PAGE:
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Catastrophic health plans are bad policy

One of the worst failures of the Affordable Care Act (ACA) is that, even with subsidies, the premiums and out-of-pocket expenses are unaffordable for far too many people. The trade group America’s Health Insurance Plans (AHIP) now proposes to make the premiums slightly more affordable by offering catastrophic plans with very high deductibles. But this would make accessing healthcare truly unaffordable for even more people, as cost sharing subsidies are available only for silver plans, but coverage of the proposed catastrophic plans would fall even below the lowest-level bronze plans.

Why would they do this? Could it be that they want to capture a portion of the market of the 31 million people who will still remain uninsured after ACA is fully implemented?

Who would actually select these plans with very high deductibles but lower premiums? Those with very low incomes who would struggle even with subsidized premiums might choose these plans if they consider their subsidized premiums to be “all that they can afford.” These are individuals who would be much more likely to forgo essential healthcare simply because they couldn’t afford their portion of the deductibles.

Very high income individuals might select these plans to insure against catastrophic losses while deciding to self insure against more modest medical costs. The problem with this is that it is a form of regressive financing of the insurance risk pools. Since average healthcare costs are well beyond the means of middle income families to pay for them, wealthier individuals need to contribute more to the collective insurance pools (as they would in a single payer financing system). The AHIP proposal for low-premium catastrophic plans would allow them to contribute less than average instead.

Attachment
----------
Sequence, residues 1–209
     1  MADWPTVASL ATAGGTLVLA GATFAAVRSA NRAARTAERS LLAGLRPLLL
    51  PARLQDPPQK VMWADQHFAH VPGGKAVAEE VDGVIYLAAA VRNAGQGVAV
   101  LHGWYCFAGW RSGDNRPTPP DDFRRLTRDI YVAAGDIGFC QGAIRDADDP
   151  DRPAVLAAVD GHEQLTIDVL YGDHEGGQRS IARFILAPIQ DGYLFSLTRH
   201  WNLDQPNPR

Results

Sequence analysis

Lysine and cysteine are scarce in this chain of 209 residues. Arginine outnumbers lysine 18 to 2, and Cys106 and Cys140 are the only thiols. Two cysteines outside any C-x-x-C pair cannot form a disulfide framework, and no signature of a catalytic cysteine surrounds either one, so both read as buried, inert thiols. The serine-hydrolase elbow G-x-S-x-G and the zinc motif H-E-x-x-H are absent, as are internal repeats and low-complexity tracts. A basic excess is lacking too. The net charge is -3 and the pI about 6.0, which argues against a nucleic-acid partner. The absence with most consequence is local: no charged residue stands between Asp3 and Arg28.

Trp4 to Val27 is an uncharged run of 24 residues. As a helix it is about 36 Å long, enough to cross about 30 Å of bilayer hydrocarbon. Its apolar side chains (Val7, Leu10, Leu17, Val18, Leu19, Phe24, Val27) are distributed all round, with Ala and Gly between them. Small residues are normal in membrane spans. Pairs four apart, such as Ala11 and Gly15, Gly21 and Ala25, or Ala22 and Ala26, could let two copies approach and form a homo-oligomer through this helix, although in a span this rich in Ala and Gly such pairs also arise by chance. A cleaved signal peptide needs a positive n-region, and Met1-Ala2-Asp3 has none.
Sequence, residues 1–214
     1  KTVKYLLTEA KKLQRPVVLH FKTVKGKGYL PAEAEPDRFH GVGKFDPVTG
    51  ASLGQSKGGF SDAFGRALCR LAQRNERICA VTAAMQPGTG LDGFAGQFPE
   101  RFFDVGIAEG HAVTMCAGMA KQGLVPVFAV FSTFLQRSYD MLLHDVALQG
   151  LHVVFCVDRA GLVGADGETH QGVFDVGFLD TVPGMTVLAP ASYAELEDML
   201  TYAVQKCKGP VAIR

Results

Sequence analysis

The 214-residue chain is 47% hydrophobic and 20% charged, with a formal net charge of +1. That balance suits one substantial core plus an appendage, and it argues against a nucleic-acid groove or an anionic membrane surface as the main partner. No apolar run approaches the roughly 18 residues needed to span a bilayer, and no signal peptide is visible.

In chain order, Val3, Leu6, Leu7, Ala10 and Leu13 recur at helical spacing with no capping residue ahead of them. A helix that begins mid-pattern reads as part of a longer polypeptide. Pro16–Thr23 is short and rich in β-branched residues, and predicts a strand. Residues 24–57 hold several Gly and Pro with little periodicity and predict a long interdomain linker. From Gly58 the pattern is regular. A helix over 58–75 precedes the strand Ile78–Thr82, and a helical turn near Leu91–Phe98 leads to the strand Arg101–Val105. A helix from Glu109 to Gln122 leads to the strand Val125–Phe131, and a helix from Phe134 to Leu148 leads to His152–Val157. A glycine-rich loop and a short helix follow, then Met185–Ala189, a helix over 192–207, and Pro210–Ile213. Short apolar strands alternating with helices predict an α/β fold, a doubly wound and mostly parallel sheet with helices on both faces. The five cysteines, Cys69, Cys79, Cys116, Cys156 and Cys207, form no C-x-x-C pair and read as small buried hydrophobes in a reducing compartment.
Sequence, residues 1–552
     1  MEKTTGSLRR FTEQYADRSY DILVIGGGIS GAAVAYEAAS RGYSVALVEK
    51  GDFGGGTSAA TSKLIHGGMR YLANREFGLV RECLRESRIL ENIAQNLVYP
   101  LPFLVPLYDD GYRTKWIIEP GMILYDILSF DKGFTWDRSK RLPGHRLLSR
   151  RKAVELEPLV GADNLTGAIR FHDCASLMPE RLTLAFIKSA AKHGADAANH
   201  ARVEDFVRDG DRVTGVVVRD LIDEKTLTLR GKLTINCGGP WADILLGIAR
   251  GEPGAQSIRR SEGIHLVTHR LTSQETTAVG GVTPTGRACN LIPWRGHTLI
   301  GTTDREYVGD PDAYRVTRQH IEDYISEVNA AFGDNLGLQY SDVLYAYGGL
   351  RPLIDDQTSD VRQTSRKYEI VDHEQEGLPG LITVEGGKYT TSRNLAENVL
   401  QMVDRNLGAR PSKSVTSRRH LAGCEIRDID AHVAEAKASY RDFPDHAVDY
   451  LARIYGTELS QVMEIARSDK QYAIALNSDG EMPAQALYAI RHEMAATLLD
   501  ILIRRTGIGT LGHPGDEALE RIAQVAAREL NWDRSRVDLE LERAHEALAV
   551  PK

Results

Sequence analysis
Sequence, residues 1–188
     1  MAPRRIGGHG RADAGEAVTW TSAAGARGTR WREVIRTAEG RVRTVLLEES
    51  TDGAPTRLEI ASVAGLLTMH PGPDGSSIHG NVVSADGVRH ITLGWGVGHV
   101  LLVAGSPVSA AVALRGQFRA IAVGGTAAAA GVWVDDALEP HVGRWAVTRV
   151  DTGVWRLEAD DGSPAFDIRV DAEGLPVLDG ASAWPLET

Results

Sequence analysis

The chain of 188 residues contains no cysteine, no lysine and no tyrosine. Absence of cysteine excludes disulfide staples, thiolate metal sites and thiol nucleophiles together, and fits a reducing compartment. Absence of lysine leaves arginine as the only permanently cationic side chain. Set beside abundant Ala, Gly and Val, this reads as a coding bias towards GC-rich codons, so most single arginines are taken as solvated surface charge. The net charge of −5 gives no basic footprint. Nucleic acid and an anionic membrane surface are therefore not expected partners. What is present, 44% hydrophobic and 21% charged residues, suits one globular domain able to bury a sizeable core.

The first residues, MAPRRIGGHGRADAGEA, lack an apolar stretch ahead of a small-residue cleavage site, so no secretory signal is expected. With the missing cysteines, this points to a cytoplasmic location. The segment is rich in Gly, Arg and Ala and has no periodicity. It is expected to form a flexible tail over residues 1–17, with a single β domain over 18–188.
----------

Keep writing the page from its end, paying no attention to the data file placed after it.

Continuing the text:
For healthy middle-income families there is a preference for the tradeoff of lower premiums for higher-deductibles – an observation confirmed by behavior in the individual insurance market before the enactment of ACA. Families that remain healthy will come out ahead, but those families that later face significant health problems often find that they will face severe financial hardship as well – even bankruptcy.

So the insurance industry is taking a position that they can increase their market, that they will not have to pay for routine medical expenses, and that they can lower their medical losses by paying only for the comparatively few individuals with high medical expenses. Little does it matter that they have the health coverage function backwards, in that the healthy and wealthy do very well but the sick and poor suffer. Limiting essential protection for the most vulnerable demonstrates again why the private insurance industry should be dismissed.

The insurance industry has been very successful in getting innovations that benefit themselves. This release by AHIP suggests that this is the beginning of another self-serving public campaign – this time to allow individuals to have (in marketing terms) “the choice of purchasing only the insurance they need” – a high-deductible catastrophic health plan.

Social solidarity takes another beating.

Don McCanne, MD, is senior health policy fellow at Physicians for a National Health Program. His widely read "Quote of the Day" commentaries on topical health policy issues can be found here. He lives in San Juan Capistrano, Calif.